[OPINION] Black death in the dark: The bubonic plague surprise
The World Health Organisation (WHO) has identified South Africa as a priority area to be prepared for the plague as the deadly disease spreads through Madagascar.
What? The plague? We’ve been so busy concentrating on the three letter version (HIV) that we have in fact managed to forget that the actual bubonic plague is not just the stuff of medieval times and scary stories from the Bible. When I saw the headline, I laughed out of fear.
Madagascar has been experiencing a large outbreak of plague – the “black death” - since August 2017. It’s October. Where has this news been for two months? The disease has already claimed 124 lives in Madagascar‚ according to reports‚ within about 1,200 suspected‚ probable and confirmed cases recorded so far. And now the “black death” is on its way to South Africa.
In his book The Plague, Albert Camus, he writes:
There have been as many plagues as wars in history; yet always plagues and wars take people equally by surprise.
No truer words have been spoken. His novel, published in 1947, tells the story of a plague that sweeps the French Algerian city of Oran. Camus uses the characters in the book, ranging from doctors to vacationers to fugitives, to help to show the effects the plague has on a populace.
According to a research report by the Center for Disease Control and Prevention, Oran was demolished by the plague in 1556 and 1678, and later, suffered smaller outbreaks [in 1921 (185 cases), 1931 (76 cases), and 1944 (95 cases)].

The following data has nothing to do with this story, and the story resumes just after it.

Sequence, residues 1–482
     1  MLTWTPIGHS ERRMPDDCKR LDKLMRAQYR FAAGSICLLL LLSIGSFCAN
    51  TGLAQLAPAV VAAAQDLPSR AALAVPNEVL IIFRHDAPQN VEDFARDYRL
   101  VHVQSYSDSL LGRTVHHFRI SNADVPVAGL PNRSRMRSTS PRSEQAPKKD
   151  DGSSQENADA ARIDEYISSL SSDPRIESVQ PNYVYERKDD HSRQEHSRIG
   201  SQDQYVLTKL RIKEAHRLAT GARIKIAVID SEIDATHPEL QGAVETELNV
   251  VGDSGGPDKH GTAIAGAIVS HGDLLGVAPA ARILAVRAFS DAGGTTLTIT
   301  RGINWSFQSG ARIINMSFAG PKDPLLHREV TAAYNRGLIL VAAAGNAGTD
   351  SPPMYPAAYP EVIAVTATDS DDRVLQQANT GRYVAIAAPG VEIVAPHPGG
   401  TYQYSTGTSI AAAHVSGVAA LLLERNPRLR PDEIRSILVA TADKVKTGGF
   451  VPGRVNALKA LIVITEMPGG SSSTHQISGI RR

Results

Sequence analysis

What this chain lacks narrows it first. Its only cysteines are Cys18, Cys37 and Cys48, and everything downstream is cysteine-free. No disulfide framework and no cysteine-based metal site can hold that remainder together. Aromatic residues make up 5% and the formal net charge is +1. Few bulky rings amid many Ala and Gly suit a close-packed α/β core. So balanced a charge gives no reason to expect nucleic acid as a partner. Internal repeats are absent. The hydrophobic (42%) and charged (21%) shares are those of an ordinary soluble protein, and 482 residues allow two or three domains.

The plague is, of course, also responsible for killing a third to half the population of Europe in the years surrounding 1,350 AD. And then, of course, there is mention of it in the book of Samuel in the Old Testament. In Samuel 1, 5 and 6 there is a description of the Black Death: “they had emerods in their secret parts”- referring to swollen lymph nodes and buboes in the groin area. The Philistines were punished with the plague when they angered the God of the Israelites by their capturing of the Ark of the Covenant. Historically/or biblically rather, the spread of the plague is associated with rats, but it is, however, the fleas on rats that spread the disease (among others).
Here’s the WHO’s entry on the disease: “Plague is an infectious disease found in some small mammals and their fleas. People can contract plague if they are bitten by infected fleas‚ and develop the bubonic form of plague. Sometimes bubonic plague progresses to pneumonic plague‚ when the bacteria reaches the lungs”.
South Africa has been warned (and instructed) to advise travellers to Madagascar to avoid densely populated areas and to wear surgical masks while in transit. Screening measures should also be put into place at airports, land-ports and seaports to detect ill passengers. To my knowledge, none of this has taken place yet. Is the plague going to remain the thing of legend, just like the Cape Town water crisis? (I have yet to see a warning issued to tourists about this as well).
In the same book Camus writes:
The one way of making people hang together is to give ‘em a spell of the plague.
So I guess, at least there’s that. Togetherness. Let’s all hold hands and sing Kumbaya. It seems to be what the government is doing as well.
Haji Mohamed Dawjee is a commentator on gender equality, sexuality, culture, race relations and feminism as well as ethics in the South African media environment. Follow her on Twitter.